Skip to main content

Advertisement

Tooth loss as a risk factor for dementia: systematic review and meta-analysis of 21 observational studies

Article metrics

Abstract

Background

Tooth loss is suggested to be associated with an increased risk of dementia in many studies. But the relationship between tooth loss and dementia is not yet fully understood. This systematic review and meta-analysis aimed to determine the relative effect of tooth loss on dementia risk.

Methods

An electronic search of PubMed, Scopus, Embase, and Web of Knowledge was conducted in March 2018 to identify relevant observational studies with the English language restriction. Studies were included if they assessed the relationship between tooth loss and risk of dementia. Study quality was detected by the modified Downs and Black scale. Odds risks (ORs) were pooled using a random-effects model in the crude model.

Results

The literature search initially yielded 1574 articles, and 21 observational studies published between 1994 and 2017 were finally included for the analyses. The crude results with random-effects model showed that patients with multiple tooth loss had higher incidence of dementia (OR 2.62, 95% CI 1.90–3.61, P < 0.001, I2 = 90.40%). The association remained noted when only adjusted results were pooled from 18 studies (OR 1.55, 95% CI 1.41–1.70, P = 0.13, I2 = 28.00%). Meta-regression analysis showed that study design explained about 16.52% of heterogeneity in the crude model. The overall quality rating scores of studies ranged from 11 to 16.

Conclusions

Findings from this review evidenced that tooth loss is positively associated with an increased risk of dementia in adults. Future well-designed longitudinal researches examining the direct and indirect relationship between tooth loss and dementia risk are encouraged.

Background

Dementia is characterized by cognitive and functional decline and neuropsychiatric symptoms caused by irreversible neurodegenerative diseases. The global population is aging at a rapid pace due to rising life expectance and over 47 million people live with dementia in 2016. The prevalence of dementia results in negative impacts on people’s life quality and economy according to the 2016 World Alzheimer Report [1]. To our knowledge, there is no effective anti-dementia drug available for the management of dementia. Therefore, it is in great need to identify modifiable risk factors for preventing cognitive impairment.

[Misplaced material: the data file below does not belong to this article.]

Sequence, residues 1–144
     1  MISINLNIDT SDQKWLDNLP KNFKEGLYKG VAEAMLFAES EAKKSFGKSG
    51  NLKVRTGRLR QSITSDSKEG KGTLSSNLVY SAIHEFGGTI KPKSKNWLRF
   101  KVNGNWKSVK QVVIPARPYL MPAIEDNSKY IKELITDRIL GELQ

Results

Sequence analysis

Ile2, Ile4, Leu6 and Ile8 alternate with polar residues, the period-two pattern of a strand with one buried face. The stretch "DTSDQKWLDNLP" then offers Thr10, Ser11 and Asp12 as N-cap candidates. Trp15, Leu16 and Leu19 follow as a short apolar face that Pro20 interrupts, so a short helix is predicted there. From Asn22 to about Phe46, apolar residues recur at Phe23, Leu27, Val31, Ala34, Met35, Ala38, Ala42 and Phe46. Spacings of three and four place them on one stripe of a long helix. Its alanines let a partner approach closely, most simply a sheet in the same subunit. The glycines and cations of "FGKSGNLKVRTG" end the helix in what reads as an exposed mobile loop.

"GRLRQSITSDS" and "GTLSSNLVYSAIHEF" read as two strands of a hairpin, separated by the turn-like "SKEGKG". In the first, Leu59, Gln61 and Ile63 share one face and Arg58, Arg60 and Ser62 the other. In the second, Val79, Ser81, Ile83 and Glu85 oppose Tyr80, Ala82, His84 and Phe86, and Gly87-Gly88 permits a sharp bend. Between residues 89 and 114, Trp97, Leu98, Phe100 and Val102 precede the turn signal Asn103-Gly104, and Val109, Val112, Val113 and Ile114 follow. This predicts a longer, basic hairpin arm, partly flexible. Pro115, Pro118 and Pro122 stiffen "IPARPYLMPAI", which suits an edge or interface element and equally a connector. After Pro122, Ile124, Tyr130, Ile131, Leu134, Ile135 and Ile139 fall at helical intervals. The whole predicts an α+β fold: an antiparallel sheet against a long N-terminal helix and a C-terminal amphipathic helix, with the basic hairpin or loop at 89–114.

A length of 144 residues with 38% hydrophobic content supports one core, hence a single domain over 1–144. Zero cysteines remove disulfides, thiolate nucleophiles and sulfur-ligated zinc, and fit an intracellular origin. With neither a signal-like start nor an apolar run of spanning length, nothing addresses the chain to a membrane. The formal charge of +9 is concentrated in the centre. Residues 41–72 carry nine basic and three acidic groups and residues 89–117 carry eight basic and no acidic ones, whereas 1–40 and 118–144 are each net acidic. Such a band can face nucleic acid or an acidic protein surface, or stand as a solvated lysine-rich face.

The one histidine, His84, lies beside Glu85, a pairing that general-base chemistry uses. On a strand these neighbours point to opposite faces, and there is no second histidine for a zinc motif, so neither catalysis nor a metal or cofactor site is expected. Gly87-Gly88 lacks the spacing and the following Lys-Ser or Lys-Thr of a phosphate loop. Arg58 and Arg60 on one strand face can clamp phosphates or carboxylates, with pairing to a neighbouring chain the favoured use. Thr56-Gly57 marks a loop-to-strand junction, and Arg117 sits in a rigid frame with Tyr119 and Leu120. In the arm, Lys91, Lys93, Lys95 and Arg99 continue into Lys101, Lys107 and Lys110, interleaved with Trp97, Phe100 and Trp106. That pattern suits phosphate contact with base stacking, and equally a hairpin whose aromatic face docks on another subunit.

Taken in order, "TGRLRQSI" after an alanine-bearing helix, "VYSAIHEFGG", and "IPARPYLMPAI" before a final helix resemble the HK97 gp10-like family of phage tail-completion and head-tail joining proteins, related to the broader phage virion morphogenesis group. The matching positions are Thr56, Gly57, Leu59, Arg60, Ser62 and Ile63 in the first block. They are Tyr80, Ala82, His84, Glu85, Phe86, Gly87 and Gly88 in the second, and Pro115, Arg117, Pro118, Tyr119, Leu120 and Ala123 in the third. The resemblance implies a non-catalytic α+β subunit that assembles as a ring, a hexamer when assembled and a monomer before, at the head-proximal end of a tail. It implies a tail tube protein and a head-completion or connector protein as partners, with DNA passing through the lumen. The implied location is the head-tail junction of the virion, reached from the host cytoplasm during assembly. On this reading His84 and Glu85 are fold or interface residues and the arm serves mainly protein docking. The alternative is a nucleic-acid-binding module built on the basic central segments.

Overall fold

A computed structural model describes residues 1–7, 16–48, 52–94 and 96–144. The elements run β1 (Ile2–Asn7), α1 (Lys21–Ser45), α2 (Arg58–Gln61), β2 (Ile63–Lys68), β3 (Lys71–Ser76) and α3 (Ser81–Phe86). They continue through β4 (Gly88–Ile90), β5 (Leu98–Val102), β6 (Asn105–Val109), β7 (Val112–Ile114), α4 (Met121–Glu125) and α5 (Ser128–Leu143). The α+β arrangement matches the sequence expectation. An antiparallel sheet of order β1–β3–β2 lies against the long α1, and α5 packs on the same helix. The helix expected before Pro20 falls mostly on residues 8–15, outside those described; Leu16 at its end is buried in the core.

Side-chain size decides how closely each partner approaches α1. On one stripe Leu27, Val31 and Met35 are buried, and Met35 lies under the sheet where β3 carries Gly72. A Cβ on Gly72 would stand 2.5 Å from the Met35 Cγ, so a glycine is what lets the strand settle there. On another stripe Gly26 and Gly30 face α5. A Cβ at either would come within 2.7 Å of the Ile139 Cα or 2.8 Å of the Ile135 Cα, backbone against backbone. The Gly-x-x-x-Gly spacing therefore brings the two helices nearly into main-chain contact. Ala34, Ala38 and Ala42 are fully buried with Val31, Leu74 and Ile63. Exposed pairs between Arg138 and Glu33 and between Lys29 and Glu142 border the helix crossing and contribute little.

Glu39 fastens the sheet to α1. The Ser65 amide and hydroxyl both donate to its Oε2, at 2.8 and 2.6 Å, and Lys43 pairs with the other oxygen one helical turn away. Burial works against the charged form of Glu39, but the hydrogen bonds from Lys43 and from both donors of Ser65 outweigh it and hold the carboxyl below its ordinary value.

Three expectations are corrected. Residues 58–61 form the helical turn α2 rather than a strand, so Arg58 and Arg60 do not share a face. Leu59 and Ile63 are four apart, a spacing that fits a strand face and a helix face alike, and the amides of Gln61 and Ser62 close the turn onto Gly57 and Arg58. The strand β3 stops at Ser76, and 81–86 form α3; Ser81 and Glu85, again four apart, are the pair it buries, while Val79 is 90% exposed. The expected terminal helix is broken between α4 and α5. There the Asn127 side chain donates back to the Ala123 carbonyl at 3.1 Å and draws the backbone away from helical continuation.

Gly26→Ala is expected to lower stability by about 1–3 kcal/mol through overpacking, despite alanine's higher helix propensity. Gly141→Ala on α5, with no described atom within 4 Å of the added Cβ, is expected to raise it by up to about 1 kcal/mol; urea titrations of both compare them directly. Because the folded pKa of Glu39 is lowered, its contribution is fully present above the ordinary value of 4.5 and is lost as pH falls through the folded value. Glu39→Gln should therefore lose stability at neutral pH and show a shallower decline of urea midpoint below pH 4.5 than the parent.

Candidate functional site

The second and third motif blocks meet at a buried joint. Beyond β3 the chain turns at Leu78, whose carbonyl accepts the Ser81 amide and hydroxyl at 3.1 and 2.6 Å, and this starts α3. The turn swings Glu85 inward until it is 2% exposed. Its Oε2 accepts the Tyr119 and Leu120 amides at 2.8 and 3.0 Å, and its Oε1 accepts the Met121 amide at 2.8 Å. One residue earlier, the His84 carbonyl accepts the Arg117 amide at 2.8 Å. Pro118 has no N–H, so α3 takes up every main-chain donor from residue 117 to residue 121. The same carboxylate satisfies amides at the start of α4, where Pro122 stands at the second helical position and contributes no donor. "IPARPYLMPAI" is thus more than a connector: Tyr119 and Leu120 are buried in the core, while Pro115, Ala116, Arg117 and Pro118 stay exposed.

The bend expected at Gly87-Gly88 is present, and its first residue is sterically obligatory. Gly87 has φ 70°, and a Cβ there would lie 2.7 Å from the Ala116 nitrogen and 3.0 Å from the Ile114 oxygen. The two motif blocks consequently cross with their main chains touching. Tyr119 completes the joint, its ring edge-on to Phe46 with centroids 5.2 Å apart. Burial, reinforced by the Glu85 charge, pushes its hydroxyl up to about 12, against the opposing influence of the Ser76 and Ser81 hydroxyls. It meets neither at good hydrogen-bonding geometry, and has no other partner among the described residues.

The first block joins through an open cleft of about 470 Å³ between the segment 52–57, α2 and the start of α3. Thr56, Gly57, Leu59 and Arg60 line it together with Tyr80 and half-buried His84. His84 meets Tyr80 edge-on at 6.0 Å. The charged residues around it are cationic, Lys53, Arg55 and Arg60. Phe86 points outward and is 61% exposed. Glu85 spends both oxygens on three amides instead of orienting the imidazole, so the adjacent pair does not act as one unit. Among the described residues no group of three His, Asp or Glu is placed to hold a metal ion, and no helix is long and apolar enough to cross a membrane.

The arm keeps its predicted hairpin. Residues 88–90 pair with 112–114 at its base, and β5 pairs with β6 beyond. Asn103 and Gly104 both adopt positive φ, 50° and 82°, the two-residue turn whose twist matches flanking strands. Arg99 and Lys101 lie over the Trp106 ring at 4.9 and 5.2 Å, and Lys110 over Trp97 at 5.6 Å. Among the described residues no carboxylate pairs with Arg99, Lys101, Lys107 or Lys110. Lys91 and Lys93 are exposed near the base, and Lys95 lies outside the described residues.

Tooth loss is prevalent in patients with dementia and it is a worldwide public health issue in older adults [2], impacting negatively on their quality of daily life, such as chewing, swallowing, and social life [3,4,5]. Evidence has shown that tooth loss is not only associated with oral health, but also with systemic health [6]. Recently, increasing studies have focused on the link between tooth loss and the risk of dementia [7,8,9,10,11,12]. There are several potential mechanisms by which tooth loss can negatively impact cognitive function. Periodontitis is one of the main causes of tooth loss, which is able to increased levels of pro-inflammatory mediators such as IL-1, IL-6 and TNF-α in the plasma, contributing to the aggravation of neuroinflammatory processes in brain and eventually resulting in cognitive decline [13,14,15]. Besides, masticatory disorder due to tooth loss can lead to poor nutrition, and reduce cerebral blood flow, which may be linked to memory deficits [9, 10]. It has been supported by several animal studies that tooth loss may induce decreased acetylcholine levels due to masticatory dysfunction, and lead to reductions in the number of pyramidal cells in the hippocampus, provoking cognitive dysfunction [16, 17].

A growing number of primary studies have demonstrated a close relationship between tooth loss and incidence of dementia, suggesting that tooth loss may be a modifiable risk factor for dementia [18,19,20,21,22,23,24,25,26,27]. However, this association is not noted in some studies [28,29,30,31,32,33,34,35,36,37,38]. To our knowledge, there are only two limited meta-analysis released by Shen et al [39] and Oh et al [40], exploring the relationship between tooth loss and cognitive impairment. In fact, some vital studies were not included without clear reasons, although Shen and colleagues have included observational studies from different study designs in the review. Moreover, the flow diagram of identification and selection process of studies could not be found in the analysis [39, 40]. Additionally, qualitative evaluation of selected studies and confounders for adjusted results of included studies were not demonstrated in the paper. As for the meta-analysis by Oh and colleagues, they intended to include cohort studies to prevent significant selection bias from cross-sectional studies [40]. However, one of the included studies is a cross-sectional design study, which was released by Luo et al [18]. Based on that, we therefore conducted a well-designed systematic review and meta-analysis of observational studies describing the association between tooth loss and the incidence of dementia in adults. We hope that our results can shed some light on the prevention of dementia in the future.